The Gamerome took place on Thursday 14 and Friday 15 November, a trade show dedicated in particular to developers and "workers". We are not talking about a consumer event, but rather a series of targeted and useful conferences for those who are already engaged (or would like to be) in the difficult task of conceiving, developing and selling a video game. Precisely for this reason in our recap, divided into two parts (click here for the first part), you will only find those meetings and information that I believe will be of interest to a wider audience.
No more talk, let's move on to what we've seen (and heard).

Intellivision Friend Hands-On

If the day before Hans Ippisch, president of Intellivision Europe, had explained to us the vision of the company, this time the meeting was aimed at touching, for the first time and exclusively, the Intellivision Amico. Unfortunately, due to misunderstanding, the hands-on was not possible. We could still see the console and some of the titles (of which we can not say anything) in development. At the moment, the games that Intellivision is working on are 17. The idea is to create a program that allows users to have a new game every week. In addition, of course, to make the console available for launch with various titles already included.
There will be no pay to win games, there will be no microtransactions or subscriptions of any kind. Once again, Hans Ippisch was clear: only games, just local entertainment. As it used to be.
"We could have implemented other features like Netflix, for example, but it would have become difficult for kids to manage, perhaps. We want the Friend to be used to play, full stop "said Ippisch.
As already written in the first recap, I don't know how this "old-fashioned" approach can bear fruit. I wish, however, a sincere good luck to the whole team!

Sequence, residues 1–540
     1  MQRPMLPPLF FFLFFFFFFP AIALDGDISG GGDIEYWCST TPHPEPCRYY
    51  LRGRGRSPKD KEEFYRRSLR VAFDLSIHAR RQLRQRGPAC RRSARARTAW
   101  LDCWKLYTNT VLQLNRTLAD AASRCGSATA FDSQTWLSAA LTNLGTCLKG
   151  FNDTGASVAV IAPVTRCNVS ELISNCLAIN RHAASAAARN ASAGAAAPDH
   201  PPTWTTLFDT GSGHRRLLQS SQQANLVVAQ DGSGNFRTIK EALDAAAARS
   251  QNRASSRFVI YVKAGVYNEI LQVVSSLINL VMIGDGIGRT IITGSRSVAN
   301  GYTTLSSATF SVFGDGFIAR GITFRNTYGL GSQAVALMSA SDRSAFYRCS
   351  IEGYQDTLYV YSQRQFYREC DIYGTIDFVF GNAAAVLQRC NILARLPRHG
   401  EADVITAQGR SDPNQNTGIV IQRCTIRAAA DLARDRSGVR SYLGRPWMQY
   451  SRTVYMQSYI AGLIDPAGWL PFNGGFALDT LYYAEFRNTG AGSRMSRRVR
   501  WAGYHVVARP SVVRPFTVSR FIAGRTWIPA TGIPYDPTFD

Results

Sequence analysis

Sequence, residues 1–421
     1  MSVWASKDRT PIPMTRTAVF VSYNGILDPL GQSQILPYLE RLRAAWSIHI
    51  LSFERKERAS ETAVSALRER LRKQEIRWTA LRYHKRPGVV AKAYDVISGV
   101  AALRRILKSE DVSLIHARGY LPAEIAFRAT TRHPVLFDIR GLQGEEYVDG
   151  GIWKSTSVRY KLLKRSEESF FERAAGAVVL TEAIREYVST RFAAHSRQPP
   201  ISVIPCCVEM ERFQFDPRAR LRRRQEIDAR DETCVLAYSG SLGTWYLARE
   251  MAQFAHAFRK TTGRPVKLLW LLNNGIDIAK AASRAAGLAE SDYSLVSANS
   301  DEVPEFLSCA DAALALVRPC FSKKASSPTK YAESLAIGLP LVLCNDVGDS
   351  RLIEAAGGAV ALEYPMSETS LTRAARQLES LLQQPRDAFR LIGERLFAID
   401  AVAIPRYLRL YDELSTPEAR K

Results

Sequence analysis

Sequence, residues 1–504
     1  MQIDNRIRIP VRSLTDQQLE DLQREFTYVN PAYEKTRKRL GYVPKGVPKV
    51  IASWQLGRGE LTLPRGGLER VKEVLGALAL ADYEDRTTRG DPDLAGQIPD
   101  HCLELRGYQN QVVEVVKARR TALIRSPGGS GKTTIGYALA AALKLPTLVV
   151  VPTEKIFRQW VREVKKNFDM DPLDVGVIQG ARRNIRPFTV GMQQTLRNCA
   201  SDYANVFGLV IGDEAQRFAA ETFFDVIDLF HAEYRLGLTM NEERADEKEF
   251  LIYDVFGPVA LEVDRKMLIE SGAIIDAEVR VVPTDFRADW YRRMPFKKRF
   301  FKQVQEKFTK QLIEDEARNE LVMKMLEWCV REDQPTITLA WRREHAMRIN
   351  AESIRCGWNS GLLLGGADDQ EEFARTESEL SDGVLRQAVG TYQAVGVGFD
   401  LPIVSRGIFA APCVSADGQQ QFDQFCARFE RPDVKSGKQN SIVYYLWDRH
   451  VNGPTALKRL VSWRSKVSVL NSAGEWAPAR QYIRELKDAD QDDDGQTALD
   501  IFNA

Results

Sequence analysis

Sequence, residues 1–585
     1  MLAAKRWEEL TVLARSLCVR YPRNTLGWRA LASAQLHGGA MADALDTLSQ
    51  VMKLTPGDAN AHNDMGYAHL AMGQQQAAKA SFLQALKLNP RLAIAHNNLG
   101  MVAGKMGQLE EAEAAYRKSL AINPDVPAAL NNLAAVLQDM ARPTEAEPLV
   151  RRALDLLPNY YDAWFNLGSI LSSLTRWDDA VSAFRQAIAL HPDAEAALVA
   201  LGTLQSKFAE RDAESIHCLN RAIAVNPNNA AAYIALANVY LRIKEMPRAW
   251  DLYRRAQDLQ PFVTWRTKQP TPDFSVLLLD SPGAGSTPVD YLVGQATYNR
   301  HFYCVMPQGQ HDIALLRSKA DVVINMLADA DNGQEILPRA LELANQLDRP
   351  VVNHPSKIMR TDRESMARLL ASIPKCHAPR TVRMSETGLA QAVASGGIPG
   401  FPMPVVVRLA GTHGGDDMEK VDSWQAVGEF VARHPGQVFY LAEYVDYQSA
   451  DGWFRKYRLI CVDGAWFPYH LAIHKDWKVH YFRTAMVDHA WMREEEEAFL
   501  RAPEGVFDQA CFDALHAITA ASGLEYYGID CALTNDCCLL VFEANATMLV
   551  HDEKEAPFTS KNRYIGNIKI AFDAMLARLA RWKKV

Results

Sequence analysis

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Neverwinter Nights Game Retrospective with Don Daglow

After Ian Livingstone, Gamerome gives us the opportunity to spend an hour with another undisputed legend in our sector: Don Daglow!
Class 1953, Don Daglow is one of the absolute pioneers of this sector. If Ian Livingstone entered the gaming world only later, Don Daglow was born and grew up with video games, starting as a programmer of the very first text-only games (years' 70) for devices like the Apple II. Over the years 80 is hired by Mattel as a programmer for Intellivision, where he begins to place his first milestones: in fact, he is the first video game to use multiple camera shots and angles (World Series Baseball, 1983), as well as his is the first RTS in history video games (Utopia, 1981). He is then hired by the EA, designing the first two sports titles (World Tour Golf, Earl Weaver Baseball, 1984-87).
Years pass and Don decides to start his own business founded Stormfront Studios. And it is precisely with the Stormfront Studios that Don reaches the final consecration.
In the public 1991 Neverwinter Nights, the first MMORPG with a graphical interface in history. In the 1993 it is instead the turn of Stronghold, the first RTS with 3D graphics.